Movie News

Capone finds THE POSSESSION a fairly creepy (if familiar) experience!!!

Published at: Aug. 31, 2012, 11:51 a.m. CST

Hey everyone. Capone in Chicago here.

Or THE JEWISH EXORCIST. And yes, the ground was covered quite ridiculously in David Goyer's 2009 film THE UNBORN. But in THE POSSESSION, things are dialed back slightly, with an strong emphasis on a broken family being the centerpiece of the plot. When we meet high school basketball coach Clyde Brenek (Jeffrey Dean Morgan), he and his ex-wife Stephanie (Kyra Sedgwick) are already split up, with their two girls, Emily (Natasha Calis) and Hannah (Madison Davenport) getting caught in the middle of the less-than-friendly fallout of the marriage.

One day Clyde picks up his kids and takes them to his recently purchased home, which is in desperate need of some decorating, so he takes them to a yard sale, where Emily finds an ornate wooden box, with no visible seals or ways to open it... always a good sign. Not long after its they bring the box home, Emily manages to trip a hidden lock and reveal its creepy contents, which apparently includes an unseen ancient demon that has now been set free and taken up residence in the young girl, causing her to not feel herself and act out aggressively at times.

The demon even manages to make it appear that Clyde is abusing Emily, and all custody he has of the girls is taken away from him. Somewhere in the script for THE POSSESSION (from Juliet Snowden and Stiles Whiteis, KNOWING) a metaphor for the toll divorce takes on children, but that kind of gets lost around the time when the little girl examines her throat in the mirror and fingers come crawling out. Eventually, Emily's problems become so great that all can agree there is something wrong with her that conventional medicine can't take care of. Clyde shows the box to a professor friend who explains that it is a dybbuk, a vessel in Jewish culture believed to be able to trap evil spirits that, when set free, will eventually drain the life out of its human host.

And before long Clyde is trawling Jewish neighborhoods looking for someone to help him save his daughter. The only man who comes forth is Tzadok (played by musician Matisyahu), who knows the ritual to de-possess Emily and put the demon back in the box. Sounds simple, right? Directed by Danish filmmaker Ole Bornedal (NIGHTWATCH), THE POSSESSION actually works in many ways. The overall creep vibe is solid thanks to some stylish, but not overwhelming, visuals. The decision to never lose sight of the family dynamic was a wise one; the more her parents get along and cooperate, the better Emily's prospects seem to get. The scares are parceled out at nice intervals. And young Calis knows how to glare and turn on some truly evil voices on cue.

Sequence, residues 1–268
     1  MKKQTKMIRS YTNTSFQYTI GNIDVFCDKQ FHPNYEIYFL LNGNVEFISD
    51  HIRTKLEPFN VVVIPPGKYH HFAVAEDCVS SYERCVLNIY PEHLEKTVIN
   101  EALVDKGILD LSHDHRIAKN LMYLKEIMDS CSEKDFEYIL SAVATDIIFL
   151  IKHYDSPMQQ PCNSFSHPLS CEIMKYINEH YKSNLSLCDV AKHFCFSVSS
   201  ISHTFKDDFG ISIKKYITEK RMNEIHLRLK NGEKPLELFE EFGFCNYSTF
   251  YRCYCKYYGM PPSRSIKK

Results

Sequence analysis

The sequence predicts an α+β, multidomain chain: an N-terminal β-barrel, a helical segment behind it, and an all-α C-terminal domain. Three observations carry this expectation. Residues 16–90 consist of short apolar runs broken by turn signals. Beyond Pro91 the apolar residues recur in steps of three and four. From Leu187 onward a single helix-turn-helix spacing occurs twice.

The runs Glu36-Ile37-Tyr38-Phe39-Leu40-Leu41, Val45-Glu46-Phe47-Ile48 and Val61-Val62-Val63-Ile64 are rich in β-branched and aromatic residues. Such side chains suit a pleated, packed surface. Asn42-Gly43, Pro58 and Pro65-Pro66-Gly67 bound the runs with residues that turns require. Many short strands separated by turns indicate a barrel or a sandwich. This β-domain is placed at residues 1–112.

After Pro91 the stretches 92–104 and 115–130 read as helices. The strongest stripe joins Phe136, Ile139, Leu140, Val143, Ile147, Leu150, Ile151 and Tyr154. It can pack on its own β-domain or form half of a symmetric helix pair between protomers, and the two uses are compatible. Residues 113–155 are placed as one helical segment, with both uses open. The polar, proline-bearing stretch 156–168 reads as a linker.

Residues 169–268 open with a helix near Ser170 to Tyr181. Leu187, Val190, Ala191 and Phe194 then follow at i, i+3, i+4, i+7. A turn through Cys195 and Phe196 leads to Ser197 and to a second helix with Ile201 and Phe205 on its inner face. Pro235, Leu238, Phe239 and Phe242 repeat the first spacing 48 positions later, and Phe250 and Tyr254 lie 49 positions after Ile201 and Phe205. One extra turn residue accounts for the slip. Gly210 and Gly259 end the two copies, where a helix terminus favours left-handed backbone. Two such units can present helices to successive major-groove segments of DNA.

One of the more bizarre elements of the film is in the editing, or more specifically the transitions from scene to scene. There are abrupt fade-outs that almost indicate the film can't wait to get out of one scene and into the next. At a 90-minute running time, I almost wish the movie hadn't been in such a hurry to get from scene to scene; a mellower approach would have been right in line with the tone of the rest of the film. It wasn't enough to ruin the film for me, but it was mildly distracting. Overall, however, Morgan does nice work as a desperate father who already feels guilty for putting his job before his family and is trying to make up for it by making a desperate attempt to remove this evil from his little girl. If you're desperate for a few genuinely earned supernatural scares (unlike last week's unwatchable THE APPARITION), THE POSSESSION gets the job done.

-- Steve Prokopy
"Capone"
capone@aintitcool.com
Follow Me On Twitter

Readers Talkback

comments powered by Disqus